Amoral Virtues

Perhaps I should title this, “American Virtues” – but I’d like to look at a few things that we, as Americans, consider virtuous, but which, considered Scripturally, are, in fact, amoral, merely the raw material for virtue or vice.

Independence:  Independence is one of the great American virtues.  Standing on our own two feet, beholden to no one and nothing but God above, we run our life on our own power.  The presupposition that this is one of the ultimate American virtues runs deep.  Our culture is based on independence!

And independence can be a good thing.  It can help us stand firm on our faith, it can help us escape the octopus-like clinging mess of a dying culture, it can encourage us to stand apart from the crowd, and it can encourage us in the virtue of hard work.

But independence can be a bad thing, when it encourages us to leave good communities, to fail in our duty to support those around us, to ignore wise counsel, to flout sensible tradition as well as folly.

Stoicism:  This is a virtue brought over from the English, and is found more in traditional American culture than in modern American culture – at least at first glance.  When you go deeper, you find that the refusal to kowtow to undesirable emotion is still considered virtuous.

Stoicism can be a good thing – there is a time and place to carry on and do what is necessary, not make a huge parade out of every little thing.

But I think we take stoicism too far and allow ourselves to become shallow.  Happiness, sadness, anger, celebration and mourning are important parts of the human experience.  We’ve allowed ourselves to stop trusting emotion so that the celebration of a wedding or a new baby is a brief moment of cheer, not a outpouring of gladness.  The death of anyone except those in the immediate family isn’t supposed to stop us from smiling at an acquaintance three days later.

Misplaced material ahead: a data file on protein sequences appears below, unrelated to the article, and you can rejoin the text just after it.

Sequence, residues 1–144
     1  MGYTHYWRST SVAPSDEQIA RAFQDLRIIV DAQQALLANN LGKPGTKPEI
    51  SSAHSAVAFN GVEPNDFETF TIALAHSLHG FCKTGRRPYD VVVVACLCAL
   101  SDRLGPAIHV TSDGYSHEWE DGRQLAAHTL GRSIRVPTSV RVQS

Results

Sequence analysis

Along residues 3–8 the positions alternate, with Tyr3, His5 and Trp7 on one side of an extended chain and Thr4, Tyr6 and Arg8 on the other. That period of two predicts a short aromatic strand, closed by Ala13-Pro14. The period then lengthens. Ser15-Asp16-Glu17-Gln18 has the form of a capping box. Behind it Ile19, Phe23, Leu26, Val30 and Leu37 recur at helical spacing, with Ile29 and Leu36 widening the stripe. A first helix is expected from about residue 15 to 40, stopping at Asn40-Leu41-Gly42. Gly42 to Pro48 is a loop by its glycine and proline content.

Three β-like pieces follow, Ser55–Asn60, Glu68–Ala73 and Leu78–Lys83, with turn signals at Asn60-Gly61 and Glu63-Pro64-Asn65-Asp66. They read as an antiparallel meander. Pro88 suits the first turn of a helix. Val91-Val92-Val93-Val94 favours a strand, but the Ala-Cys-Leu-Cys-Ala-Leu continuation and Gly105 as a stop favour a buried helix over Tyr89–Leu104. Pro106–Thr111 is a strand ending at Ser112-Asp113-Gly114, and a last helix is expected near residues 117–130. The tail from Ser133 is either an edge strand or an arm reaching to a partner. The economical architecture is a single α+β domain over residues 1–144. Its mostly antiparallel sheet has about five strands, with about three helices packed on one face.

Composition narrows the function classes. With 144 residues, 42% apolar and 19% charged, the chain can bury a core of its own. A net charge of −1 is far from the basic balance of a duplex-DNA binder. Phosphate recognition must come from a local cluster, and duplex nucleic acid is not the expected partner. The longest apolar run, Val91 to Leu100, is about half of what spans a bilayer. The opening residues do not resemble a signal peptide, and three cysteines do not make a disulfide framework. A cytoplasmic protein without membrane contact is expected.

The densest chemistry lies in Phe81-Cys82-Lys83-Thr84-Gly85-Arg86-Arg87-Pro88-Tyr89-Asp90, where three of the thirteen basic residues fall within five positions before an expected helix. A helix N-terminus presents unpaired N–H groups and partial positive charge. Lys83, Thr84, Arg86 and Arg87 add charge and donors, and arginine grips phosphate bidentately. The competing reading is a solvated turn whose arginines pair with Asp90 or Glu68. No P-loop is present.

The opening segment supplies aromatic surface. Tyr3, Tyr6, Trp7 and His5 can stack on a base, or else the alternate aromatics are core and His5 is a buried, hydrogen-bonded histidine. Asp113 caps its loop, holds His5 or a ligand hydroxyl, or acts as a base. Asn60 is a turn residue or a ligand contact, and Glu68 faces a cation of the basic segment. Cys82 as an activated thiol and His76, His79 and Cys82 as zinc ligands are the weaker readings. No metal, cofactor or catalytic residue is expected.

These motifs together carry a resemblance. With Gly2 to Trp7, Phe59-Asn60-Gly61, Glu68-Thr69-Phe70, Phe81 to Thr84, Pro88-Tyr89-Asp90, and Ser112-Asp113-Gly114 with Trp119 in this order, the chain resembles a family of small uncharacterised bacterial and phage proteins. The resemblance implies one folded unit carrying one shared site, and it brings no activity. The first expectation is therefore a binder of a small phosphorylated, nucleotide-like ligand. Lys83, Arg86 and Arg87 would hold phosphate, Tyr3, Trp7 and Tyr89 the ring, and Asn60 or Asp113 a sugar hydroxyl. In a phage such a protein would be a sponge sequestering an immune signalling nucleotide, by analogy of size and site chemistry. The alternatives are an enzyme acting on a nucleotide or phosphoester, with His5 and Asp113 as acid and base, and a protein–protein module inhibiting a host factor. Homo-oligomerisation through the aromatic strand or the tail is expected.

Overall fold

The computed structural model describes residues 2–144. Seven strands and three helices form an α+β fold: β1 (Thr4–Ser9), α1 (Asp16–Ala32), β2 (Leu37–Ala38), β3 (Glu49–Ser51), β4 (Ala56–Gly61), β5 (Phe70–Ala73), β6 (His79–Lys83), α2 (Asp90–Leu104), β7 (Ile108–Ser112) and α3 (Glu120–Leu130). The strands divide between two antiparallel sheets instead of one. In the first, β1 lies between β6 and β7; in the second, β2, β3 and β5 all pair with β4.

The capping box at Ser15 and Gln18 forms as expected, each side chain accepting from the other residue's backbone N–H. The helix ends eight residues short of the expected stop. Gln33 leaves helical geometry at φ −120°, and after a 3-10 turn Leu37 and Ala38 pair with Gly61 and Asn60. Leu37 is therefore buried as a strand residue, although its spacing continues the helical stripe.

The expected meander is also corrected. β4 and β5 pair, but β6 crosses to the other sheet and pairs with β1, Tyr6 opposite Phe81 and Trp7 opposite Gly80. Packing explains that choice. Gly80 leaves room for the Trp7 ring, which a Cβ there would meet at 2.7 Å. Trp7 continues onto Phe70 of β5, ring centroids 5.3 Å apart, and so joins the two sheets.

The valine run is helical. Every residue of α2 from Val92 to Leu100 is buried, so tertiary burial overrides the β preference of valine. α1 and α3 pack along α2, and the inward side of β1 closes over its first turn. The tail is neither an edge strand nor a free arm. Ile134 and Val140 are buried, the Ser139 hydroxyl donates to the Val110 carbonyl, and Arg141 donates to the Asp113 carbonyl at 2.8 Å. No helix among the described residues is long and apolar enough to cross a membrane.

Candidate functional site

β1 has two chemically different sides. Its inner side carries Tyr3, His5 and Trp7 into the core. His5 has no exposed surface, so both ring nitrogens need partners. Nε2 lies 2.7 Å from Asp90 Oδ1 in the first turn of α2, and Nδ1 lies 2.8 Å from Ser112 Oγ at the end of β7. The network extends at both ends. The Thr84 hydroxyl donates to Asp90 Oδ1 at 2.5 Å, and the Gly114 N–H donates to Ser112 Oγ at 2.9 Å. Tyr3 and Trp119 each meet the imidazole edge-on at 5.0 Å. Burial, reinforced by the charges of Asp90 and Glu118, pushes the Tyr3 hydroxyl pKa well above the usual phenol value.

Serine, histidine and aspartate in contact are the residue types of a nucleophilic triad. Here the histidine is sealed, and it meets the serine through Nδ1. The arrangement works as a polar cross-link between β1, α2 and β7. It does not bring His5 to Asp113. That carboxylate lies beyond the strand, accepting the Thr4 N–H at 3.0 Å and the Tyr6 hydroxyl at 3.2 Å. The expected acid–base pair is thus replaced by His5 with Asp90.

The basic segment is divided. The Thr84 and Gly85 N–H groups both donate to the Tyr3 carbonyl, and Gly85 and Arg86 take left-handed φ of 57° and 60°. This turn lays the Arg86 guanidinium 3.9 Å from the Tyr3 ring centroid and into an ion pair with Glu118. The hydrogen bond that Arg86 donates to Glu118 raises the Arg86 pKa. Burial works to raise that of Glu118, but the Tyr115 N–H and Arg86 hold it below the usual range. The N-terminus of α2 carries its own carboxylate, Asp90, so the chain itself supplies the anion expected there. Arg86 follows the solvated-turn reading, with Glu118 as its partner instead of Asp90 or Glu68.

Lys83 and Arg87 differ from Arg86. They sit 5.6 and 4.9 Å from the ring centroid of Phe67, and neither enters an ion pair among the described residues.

This stoicism encourages us in deceit – to deny in ourselves the depth of our emotions, the breadth of our emotions, so that we can be socially acceptable.  And while it is then socially useful – society doesn’t care to be inconvenienced – it fails to be virtuous, because instead of accepting, confessing, and surrendering even the blackest of emotions to Christ, we instead shove them under the couch and pretend they were never there.

We neither rejoice with those who rejoice or weep with those who weep (Romans 12:15), we just try to keep everyone – including ourselves – calm.

And that’s something I am personally working on – letting all my emotions have their day, whether that day is a second before I confess them or a week when I delight in their company, however transitory.

I’m sure there are more – what amoral virtues could you suggest?

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